Letter from South Tyrol (pt. II)

20.9.19 / Text and images
Riccardo Giacconi shares further research on the Option Agreement (1939-1943)

Bozen/Bolzano/Bulsan, 25 July 2019

Dear Ekaterina,

I have been in Bolzano-Bozen for over a month now. Erica, a friend of mine from university, is letting me use a room in her flat during this summer. I look after her two cats when she is away. The apartment is on the slope of a hill, in a neighborhood called Haslach-Aslago. As you know, I'm here to research the Option, the 1939 agreement between Hitler and Mussolini: the German-and Ladin-speaking inhabitants of South Tyrol had to choose whether to stay and get “Italianized,” or leave their home, land, and Heimat and move to the Third Reich territories.

I discovered that my apartment is located in one of the buildings erected for the so-called Rücksiedler, that is, the Optanten (those who voted to leave) who decided to move back to South Tyrol after the war. Every day I cycle beside the river, where many people gather to talk, play sports, or drink beer. In the first days, I couldn’t stop observing them, trying to guess their “linguistic group.” German-speaking or Italian-speaking? I soon realized that many of them spoke various other languages: African, Eastern European, Asian, etc.

Carolina, my wife, came to visit me here in Bolzano-Bozen. After a few days, she asked me, a little annoyed, “I don't get why you are so obsessed with comparing Italians and Germans. Can't you see that a lot of the people here are neither? Many were not even born here!” Carolina was born and raised in Colombia. Later, the same day, we had a drink at home with my friend Erica. She works in a youth center, where she organizes events and activities for young people in the city. She told us that many of the boys and girls she works with do not make much distinction between the two “language groups.” She knows a Kurdish boy, for example, who arrived in Bolzano-Bozen with his family during his childhood, and later learned both Italian and German. Or a boy from a Senegalese family, who speaks perfect Italian but attends a German school (fully bilingual schools do not exist in South Tyrol).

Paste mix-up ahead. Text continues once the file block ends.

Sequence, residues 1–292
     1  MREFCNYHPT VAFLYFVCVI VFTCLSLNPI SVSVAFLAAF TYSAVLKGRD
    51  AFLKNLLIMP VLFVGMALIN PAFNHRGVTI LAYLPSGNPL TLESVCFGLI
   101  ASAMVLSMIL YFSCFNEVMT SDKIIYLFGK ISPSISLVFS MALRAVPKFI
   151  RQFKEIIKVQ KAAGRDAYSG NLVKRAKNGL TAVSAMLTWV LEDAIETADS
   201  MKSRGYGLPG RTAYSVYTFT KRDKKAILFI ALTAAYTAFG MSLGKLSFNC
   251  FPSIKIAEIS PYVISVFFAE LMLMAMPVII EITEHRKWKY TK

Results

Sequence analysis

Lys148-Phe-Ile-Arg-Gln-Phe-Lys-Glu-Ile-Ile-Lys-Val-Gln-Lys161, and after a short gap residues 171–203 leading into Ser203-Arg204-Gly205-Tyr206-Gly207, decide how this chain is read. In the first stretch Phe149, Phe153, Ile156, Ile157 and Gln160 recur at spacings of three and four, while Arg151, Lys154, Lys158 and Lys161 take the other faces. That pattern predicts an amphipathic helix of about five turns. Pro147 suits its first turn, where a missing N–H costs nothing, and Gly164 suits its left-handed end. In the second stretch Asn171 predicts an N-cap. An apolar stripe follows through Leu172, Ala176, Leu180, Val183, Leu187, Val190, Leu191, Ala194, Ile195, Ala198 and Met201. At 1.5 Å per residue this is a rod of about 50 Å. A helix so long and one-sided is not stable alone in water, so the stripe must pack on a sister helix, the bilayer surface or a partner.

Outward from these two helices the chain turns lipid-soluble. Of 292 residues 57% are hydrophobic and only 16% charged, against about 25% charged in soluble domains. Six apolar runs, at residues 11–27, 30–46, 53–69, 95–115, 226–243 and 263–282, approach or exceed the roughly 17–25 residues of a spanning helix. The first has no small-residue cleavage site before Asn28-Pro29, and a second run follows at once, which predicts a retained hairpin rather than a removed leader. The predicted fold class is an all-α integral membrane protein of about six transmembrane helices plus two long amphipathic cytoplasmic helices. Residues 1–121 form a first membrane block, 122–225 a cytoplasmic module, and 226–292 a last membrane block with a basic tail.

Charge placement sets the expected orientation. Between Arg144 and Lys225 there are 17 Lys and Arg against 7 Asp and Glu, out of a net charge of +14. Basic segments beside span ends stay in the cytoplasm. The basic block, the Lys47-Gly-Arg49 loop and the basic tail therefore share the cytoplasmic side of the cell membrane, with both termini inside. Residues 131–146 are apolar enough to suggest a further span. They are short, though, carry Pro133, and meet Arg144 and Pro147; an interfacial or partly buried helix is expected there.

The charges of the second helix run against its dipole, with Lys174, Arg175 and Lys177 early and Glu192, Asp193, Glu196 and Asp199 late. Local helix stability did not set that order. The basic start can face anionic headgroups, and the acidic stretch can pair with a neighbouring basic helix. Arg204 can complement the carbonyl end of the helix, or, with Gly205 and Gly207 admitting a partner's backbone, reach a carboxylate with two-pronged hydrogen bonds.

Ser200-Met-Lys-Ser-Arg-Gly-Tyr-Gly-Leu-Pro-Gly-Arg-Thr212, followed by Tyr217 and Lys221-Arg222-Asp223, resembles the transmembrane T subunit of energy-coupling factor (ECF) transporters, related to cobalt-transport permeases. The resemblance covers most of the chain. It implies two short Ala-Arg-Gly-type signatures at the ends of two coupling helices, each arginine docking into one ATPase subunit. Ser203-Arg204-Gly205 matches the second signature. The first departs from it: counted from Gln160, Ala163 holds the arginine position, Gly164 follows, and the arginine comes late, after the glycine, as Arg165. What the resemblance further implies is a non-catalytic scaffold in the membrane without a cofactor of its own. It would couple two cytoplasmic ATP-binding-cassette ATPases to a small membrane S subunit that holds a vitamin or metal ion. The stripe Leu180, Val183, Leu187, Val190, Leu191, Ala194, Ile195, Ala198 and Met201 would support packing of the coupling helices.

Here, of course, you also have the so-called “mixed couples”: an Italian-speaking person and a German-speaking one. I noticed it is a sort of literary topos: it recurs in well-known novels about this territory, such as Die Walsche (1982), by South Tyrolean writer Joseph Zoderer, or Eva Dorme (2010), by Italian writer Francesca Melandri, but also in the four-episode television series Verkaufte Heimat (Motherland Sold, 1989–94), which deals with local historical events from 1938 to the mid-1960s, including the Option and the Bombenjahre (bomb years).

I met curator Lisa Mazza, who lives and works in town. Her mother comes from a classic German-speaking family, while her father, Aldo Mazza, was born and raised in Southern Italy and then moved to South Tyrol, where he founded the language school Alpha Beta and the bilingual publishing house Edizioni Alpha Beta Verlag. The relationship between Lisa’s (Italian) father and her (German-speaking) grandfather, she told me, always remained very formal, proof of the extent to which the resentment towards Italians was ingrained in South Tyrolean German-speaking culture.

In the German school attended by Lisa’s daughter, more or less one third of the students come from “German” families, one third from “Italian” families, and one third from migrant families of first or second generation. “Many of the migrants who arrived in South Tyrol in recent years,” Lisa told me, “actually wanted to go to Austria and to other countries further north, but were stopped at the Brenner border.”